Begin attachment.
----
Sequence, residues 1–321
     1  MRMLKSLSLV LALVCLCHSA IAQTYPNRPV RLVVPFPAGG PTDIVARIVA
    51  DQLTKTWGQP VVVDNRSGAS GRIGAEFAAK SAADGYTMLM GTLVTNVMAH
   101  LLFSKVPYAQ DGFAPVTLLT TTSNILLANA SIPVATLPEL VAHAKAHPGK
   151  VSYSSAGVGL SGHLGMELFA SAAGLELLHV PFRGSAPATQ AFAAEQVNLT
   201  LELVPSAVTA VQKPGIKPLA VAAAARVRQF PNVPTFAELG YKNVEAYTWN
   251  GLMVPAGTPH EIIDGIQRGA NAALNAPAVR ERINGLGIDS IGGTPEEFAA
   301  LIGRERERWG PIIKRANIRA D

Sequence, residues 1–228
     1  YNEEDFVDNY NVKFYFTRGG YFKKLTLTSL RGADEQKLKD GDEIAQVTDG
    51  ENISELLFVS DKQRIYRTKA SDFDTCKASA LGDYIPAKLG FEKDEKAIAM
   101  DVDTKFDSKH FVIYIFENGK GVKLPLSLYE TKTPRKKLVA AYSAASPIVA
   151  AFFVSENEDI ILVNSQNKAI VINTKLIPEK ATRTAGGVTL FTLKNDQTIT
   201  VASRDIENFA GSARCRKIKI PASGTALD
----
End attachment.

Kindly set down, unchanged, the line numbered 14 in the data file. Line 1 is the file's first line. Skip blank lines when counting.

   201  VASRDIENFA GSARCRKIKI PASGTALD